Chinese high-altitude surveillance balloon, that was shot down by a US fighter jet off South Carolina Coast was meant to test America's counter-surveillance capabilities, experts familiar with the situation suggest, reported Nikkei Asia.
US Secretary of Defence Lloyd Austin in a statement on Saturday (local time) said that the US fighter aircraft successfully shot down the high-altitude surveillance balloon over the water off the coast of South Carolina in the US airspace. The balloon was first spotted in the sky over Montana earlier this week, travelling across the middle of the United States.
Ryo Nakamura, writing in Nikkei Asia said that it was intended to observe military sites or test America's own surveillance capabilities.
"Most likely, China sent the balloon to test US counter-surveillance capabilities," said, Lyle Morris, a senior fellow at the Asia Society Policy Institute's Center for China Analysis. He was previously the country director for China in the Office of the US Secretary of Defence.
"Since it likely doesn't have any official markings, Beijing likely thought it could play the 'plausible deniability' card, " he added.
Meanwhile, Inconvenient Truths by Jennifer Zeng revealed that the Chinese spy balloon was developed by a state-owned company.
"More evidence of the producer of #ChineseSpyBalloon Recruitment notice of #ChinaZhuzhouRubberResearchDesignInstitute says it is a state-owned company, it develops & produces military products, it's a designated research & production enterprise," tweeted Inconvenient Truths by Jennifer Zeng.
The producer of the Chinese spy balloons, China Zhuzhou Rubber Research & Design Institute Co Ltd, is a government-owned military research institute with weapon production licenses.
Its military supporting products were used in the "Shenzhou V" manned spacecraft, and have won the PLA General Armament Department commendation. It is a designated research institution for the weather balloons of all military branches of the People's Liberation Army (PLA).
However, Patrick Cronin, Asia-Pacific security chair at the Hudson Institute, took a different view, reported Nikkei Asia.
"Using a balloon that was certain to be spotted suggests a high degree of brazenness. Beijing's satellites constantly watch US ICBM fields and other strategic bases, so a balloon seems superfluous," he said.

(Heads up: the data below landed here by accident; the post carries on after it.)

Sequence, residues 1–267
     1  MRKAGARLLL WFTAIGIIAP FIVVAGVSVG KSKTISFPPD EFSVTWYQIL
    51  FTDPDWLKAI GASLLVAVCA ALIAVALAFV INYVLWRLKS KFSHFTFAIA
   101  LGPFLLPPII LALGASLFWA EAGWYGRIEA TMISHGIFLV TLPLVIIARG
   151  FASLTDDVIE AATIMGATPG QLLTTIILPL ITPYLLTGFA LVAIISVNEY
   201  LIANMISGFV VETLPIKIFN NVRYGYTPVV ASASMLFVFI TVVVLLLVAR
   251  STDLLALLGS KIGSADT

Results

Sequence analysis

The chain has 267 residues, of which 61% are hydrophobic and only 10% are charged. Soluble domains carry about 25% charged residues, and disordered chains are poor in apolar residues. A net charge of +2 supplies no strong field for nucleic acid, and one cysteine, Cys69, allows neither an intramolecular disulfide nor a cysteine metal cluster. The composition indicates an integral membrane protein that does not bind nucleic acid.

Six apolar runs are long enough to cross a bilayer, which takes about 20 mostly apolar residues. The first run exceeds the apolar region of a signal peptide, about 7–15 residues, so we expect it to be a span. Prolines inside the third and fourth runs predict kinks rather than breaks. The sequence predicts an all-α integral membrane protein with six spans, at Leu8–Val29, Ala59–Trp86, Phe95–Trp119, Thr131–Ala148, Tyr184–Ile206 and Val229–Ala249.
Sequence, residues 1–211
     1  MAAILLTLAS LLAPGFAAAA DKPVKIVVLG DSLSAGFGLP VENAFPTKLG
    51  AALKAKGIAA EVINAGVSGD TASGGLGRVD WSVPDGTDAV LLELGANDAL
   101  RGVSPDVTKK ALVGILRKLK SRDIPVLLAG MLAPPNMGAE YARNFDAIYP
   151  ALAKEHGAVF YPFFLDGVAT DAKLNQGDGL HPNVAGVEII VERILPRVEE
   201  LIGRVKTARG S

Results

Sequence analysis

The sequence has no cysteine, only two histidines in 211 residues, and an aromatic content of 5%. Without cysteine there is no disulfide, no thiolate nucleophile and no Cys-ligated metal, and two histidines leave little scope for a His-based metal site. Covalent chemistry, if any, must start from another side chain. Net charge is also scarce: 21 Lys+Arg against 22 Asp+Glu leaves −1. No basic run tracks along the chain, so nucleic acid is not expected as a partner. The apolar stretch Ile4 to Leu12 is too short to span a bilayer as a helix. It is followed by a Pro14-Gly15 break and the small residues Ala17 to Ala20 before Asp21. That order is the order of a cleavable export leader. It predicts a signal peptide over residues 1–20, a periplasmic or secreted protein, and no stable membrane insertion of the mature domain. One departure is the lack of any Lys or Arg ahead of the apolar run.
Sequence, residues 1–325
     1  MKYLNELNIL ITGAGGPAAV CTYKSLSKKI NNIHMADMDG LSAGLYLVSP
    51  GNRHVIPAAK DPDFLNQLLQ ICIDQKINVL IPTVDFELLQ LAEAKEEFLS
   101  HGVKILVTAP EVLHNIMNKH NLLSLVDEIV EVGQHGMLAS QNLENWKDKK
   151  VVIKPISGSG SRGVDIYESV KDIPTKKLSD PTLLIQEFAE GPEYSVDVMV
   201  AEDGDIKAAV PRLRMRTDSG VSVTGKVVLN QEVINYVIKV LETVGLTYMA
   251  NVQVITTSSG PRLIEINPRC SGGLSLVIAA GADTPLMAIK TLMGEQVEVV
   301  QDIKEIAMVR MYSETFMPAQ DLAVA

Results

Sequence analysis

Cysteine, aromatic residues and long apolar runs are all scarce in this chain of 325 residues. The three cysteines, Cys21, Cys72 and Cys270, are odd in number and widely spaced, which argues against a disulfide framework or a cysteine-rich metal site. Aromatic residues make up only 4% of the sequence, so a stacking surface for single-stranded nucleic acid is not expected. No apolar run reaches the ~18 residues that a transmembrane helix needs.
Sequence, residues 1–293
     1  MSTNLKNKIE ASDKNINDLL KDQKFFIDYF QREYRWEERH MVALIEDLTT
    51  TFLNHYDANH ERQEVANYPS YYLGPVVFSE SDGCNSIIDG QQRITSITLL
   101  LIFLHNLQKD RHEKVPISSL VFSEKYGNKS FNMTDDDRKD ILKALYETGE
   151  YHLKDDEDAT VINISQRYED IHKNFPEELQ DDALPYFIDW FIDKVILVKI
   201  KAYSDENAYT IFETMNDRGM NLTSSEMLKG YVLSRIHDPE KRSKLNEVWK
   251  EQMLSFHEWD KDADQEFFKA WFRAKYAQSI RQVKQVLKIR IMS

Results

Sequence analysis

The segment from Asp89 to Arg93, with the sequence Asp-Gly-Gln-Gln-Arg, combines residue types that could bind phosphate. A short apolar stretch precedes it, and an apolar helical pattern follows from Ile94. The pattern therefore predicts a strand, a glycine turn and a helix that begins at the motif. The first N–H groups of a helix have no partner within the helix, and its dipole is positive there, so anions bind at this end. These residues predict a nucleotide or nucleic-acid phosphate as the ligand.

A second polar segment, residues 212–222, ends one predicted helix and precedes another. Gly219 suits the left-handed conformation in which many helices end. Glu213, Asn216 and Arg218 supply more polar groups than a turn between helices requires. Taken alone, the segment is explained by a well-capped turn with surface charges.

"I assume Beijing wanted to make a psychological ploy to grab America's attention to send a message as Secretary of State Blinken meets with Xi Jinping: The US should back off its support for Taiwan and forward defence engagement in Asia before tensions get out of hand," he said before Blinken's trip being postponed.
Instances of similar balloon activity have been observed over the past several years, according to the senior official at Thursday's briefing, but these past incidents were not disclosed to the public, reported Ryo.
The difference "has to do with the time that it is taking for the balloon to leave US airspace," said a source briefed by Washington on the situation. "But I'm very surprised that this wasn't disclosed previously."
Morris suggested that Washington might have gone public this time after expressing its concerns to China in private and failed to change Beijing's behavior.
The Pentagon said the balloon cannot provide China with intelligence beyond what could already be collected through spy satellites, reported Nikkei Asia.
The balloon incident adds to tensions between the US and China.
China has expressed strong dissatisfaction and protest against the United States' use of force to shoot down its balloon, which it called a civilian airship, Global Times reported.
Rep Mike Gallagher, the Republican chairman of the newly created House Select Committee on the Strategic Competition Between the United States and the Chinese Communist Party, released a joint statement Thursday with Democratic ranking member Raja Krishnamoorthi condemning the suspected spy balloon.
"Not only is this a violation of American sovereignty... but it also makes clear that the CCP's recent diplomatic overtures do not represent a substantive change in policy," the text reads.
Drew Thompson, visiting senior research fellow at the Lee Kuan Yew School of Public Policy at the National University of Singapore, says it is possible that China's People Liberation Army flew the balloon without coordinating with the Communist Party leadership.
"It is also possible that the PLA is trying to torpedo Xi's effort to improve China's relations with the US and its like-minded partners including Japan and Australia," added Thompson.
The Biden administration has maintained pressure on China ahead of Blinken's potential visit with new efforts to contain Chinese military and economic power. (ANI)